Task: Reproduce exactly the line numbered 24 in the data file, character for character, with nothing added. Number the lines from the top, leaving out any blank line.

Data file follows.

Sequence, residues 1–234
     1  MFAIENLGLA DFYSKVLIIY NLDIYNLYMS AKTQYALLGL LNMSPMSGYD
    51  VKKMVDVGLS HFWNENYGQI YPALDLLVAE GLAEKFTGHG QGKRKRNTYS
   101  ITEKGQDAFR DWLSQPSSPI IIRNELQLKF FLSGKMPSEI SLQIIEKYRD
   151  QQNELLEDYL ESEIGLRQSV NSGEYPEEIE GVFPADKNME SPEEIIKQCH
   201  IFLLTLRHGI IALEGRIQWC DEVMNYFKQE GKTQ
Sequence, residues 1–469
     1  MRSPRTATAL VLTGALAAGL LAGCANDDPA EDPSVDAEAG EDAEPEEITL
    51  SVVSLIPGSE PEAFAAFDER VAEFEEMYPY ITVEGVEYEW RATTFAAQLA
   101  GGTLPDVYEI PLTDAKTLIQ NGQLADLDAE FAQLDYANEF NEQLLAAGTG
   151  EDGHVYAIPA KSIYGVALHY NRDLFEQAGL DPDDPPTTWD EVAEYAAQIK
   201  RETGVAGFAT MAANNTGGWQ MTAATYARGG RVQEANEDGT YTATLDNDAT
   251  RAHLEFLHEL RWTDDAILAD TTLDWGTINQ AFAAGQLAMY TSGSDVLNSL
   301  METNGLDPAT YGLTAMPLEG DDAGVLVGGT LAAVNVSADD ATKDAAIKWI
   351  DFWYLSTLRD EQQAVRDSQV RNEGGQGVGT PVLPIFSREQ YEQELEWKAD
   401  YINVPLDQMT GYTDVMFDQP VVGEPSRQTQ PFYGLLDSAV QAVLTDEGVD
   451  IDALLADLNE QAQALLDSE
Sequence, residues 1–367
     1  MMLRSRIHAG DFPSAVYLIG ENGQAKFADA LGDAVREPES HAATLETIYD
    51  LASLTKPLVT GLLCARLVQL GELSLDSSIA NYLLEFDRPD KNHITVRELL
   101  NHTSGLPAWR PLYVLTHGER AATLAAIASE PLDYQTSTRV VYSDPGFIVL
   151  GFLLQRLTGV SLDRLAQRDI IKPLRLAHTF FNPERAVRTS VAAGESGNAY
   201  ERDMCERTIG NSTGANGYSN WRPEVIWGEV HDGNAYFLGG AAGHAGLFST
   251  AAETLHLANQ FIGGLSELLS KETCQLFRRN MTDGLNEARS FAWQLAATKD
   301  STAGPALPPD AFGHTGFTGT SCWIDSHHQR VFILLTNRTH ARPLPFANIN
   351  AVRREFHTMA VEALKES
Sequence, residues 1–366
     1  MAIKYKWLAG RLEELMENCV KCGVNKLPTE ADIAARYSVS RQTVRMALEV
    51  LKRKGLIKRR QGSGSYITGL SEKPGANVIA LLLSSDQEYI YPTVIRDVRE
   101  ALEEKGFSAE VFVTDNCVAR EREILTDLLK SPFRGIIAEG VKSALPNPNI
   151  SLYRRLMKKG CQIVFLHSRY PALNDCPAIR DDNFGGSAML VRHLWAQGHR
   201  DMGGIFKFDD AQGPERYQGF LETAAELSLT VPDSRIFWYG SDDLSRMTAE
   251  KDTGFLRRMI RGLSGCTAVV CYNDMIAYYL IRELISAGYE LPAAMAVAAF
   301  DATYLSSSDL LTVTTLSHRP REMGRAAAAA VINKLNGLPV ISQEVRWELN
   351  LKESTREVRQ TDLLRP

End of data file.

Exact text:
   251  AAETLHLANQ FIGGLSELLS KETCQLFRRN MTDGLNEARS FAWQLAATKD